We were the life of the party. . .

Nothing quite hits you in the gut like a country song. 
I was on the treadmill in the basement trying to find a song on the old radio to pace me. I thought I had WDVE (rock) but the tuning dial on the radio is a little off and I got a country station.
Before I could switch it back I was already three minutes in, so I thought, ah, some of it’s good.
Then I heard Chris Young and Cassadee Pope singing Think of You
There was this chain bar/restaurant back in the Cleveland area called The Pewter Mug. I would spend a lot of evenings there with my high school friend Dan B., his wife Lori and my (then) wife. Hell, we’d close the place down many nights. We knew the bartender – and older guy (compared to us) who was a true mixologist.
I’m divorced from that wife, Dan B. is going through his personal hell somewhere in Toledo and I have no idea where Lori is.
We used to be the life of the party
We used to be the ones that they wished they were
There was this place in Mentor called Spats. It was a hangout for cops, firefighters and the whole damn neighborhood. Good bar food, cheap drinks and atmosphere. I’d go there with my high school friends Frank H. (best man at my second wedding), Chris N., Jim C. and his wife Betsy, Frank’s fireman friend Tony S. and sometimes his cop friend Mark P. Through a haze of cigarette smoke, we’d ponder the mysteries of life.
Spats – about the fourth incarnation but still pretty much the same
We’d close that place down too. 
Same old bar, same burned out lights
Same people and all the same faces
So why in the hell does it feel like a different place?
Frank, Jim and Tony don’t talk to me anymore (and I can’t blame them). Jim divorced Betsy. Chris and Mark died. 
The Cavs and the indoor soccer team, The Force, used to play in the old Richfield Coliseum. The Indians used to play in the old Municipal Stadium. I spent many an evening in those places with high school friend Ed T. (best man at my first wedding), his friends Bob B. and newspaper friends Mike L. and Paul S.
So familiar it could have been us
You know how this ends, right? Ed travels in different circles now, Bob and Keith are still up in NE Ohio but I haven’t seen them in years and Mike and Paul and I lost touch over the years.
It’s like there’s always an empty space
Those memories that nobody can erase
Of how bright we burned
Well now it hurts, but it’s true
When they think of me, they think of you
There are some of those people I’ve tried to apologize.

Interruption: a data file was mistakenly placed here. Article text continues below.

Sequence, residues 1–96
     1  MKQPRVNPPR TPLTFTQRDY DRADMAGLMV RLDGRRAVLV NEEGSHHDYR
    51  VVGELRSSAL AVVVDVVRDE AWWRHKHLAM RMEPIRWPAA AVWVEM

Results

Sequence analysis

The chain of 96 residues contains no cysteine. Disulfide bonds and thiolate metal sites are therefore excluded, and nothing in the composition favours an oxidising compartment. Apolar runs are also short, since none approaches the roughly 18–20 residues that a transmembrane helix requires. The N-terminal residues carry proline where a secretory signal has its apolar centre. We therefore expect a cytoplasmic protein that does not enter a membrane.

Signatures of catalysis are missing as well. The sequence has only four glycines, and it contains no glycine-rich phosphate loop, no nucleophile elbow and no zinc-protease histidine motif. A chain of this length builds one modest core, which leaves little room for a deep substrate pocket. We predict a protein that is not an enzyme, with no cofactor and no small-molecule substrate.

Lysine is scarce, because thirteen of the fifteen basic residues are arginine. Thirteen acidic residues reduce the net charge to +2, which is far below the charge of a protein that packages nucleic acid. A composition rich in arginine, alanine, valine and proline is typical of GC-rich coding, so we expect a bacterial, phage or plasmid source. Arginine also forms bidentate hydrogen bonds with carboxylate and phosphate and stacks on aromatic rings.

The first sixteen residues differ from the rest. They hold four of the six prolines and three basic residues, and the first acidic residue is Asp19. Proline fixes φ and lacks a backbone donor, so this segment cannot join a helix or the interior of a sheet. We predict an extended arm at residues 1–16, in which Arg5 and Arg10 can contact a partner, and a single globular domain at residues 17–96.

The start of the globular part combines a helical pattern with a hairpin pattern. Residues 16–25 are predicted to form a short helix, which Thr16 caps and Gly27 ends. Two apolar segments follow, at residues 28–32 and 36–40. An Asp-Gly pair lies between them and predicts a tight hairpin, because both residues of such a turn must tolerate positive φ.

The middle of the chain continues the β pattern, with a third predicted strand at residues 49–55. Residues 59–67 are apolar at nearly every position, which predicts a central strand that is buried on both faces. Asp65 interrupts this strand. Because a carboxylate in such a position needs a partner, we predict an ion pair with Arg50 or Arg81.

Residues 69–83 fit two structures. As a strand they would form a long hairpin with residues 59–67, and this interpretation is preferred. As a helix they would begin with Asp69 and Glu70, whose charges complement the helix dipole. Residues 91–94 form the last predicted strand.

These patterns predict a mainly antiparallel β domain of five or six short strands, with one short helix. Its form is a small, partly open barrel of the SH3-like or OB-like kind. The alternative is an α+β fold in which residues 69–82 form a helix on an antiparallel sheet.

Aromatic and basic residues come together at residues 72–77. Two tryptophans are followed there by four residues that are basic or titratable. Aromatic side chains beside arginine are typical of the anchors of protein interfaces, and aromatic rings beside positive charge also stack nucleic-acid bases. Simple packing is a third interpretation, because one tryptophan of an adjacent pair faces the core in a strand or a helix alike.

There are some of them I’ve tried to reconnect.
One of them, I think, fears I’ll bring up the past that he’d rather forget. I wouldn’t but I don’t blame him for thinking that.
But I guess once a time and place passes, it passes forever. Sometimes when you go back and try and revisit old times, the present gets in the way.
It works that way with friends, relatives, old wives and girlfriends.
And people change. 
And these are just friends. Don’t even get me started on family. The best excuse I have there is that more than 90 percent of them are dead. If it weren’t for my wife’s relatives, I’d have no family at all.
It’s cold comfort to know all of this also know that my weirding out ruined a lot of it too. Bipolar = thoughtless remarks, depression = invites turned down and early nights, anxiety = too much booze and stupid behavior.
Christ, if I only had had a clue.
People leave but the memories stay. And I live in the past too much. 
Most of them are still up there in the Cleveland area, just two hours away.
And I’m down in here in Pittsburgh and watch Steelers games with my wife in a basement-themed sports bar – the basement of my dreams with no one around to share it with. Work friends? Please. 
It seems like a contradiction for me — introverted, self-conscious and valuing my alone time to feel a painful twinge when I hear Neil Diamond sing and I’m not a man who likes to swear but I never cared for the sound of being alone.
Yeah, I know, I could go with that song: Pittsburgh’s fine, but it ain’t home, Cleveland’s home, but it ain’t mine no more.
Dan and I used to like Neil Diamond when that wasn’t cool. 
I am I said. To no one there.
I’ve been trying to climb back into sociability over the last year. Lots of my graduating classmates are Facebook friends. Of course, most them it’s been, what? Twenty-five, thirty years?
There was a meet-up of many of them last winter. Guys from the football team, several girls who were quite popular back in the day. I steeled my anxiety and made the trip.
Turns out I had the best time I had in years. I couldn’t believe it. 
Maybe the way things I remember wasn’t the way things necessarily were. Maybe I wasn’t such a schlub after all. 
So I went ahead and volunteered to help out with our 35thclass reunion. And I started a memories page for my high school’s graduating classes.
Maybe I can’t hang with a lot of my old crowd, but perhaps I can re-connect with the people I never knew I could. 
When you get to be of a certain age, the cliché that life’s too short become a reality. And a lot of the bullshit that meant so much one time seems so silly now. 
Maybe, just maybe, (I) we can be the life of the party again. 
Dedicated to the Lake Catholic Senior Class of 1981.
This entry was posted in good memories, regret. Bookmark the permalink.

Leave a Reply

Fill in your details below or click an icon to log in:

WordPress.com Logo

You are commenting using your WordPress.com account. Log Out /  Change )

Google photo

You are commenting using your Google account. Log Out /  Change )

Twitter picture

You are commenting using your Twitter account. Log Out /  Change )

Facebook photo

You are commenting using your Facebook account. Log Out /  Change )

Connecting to %s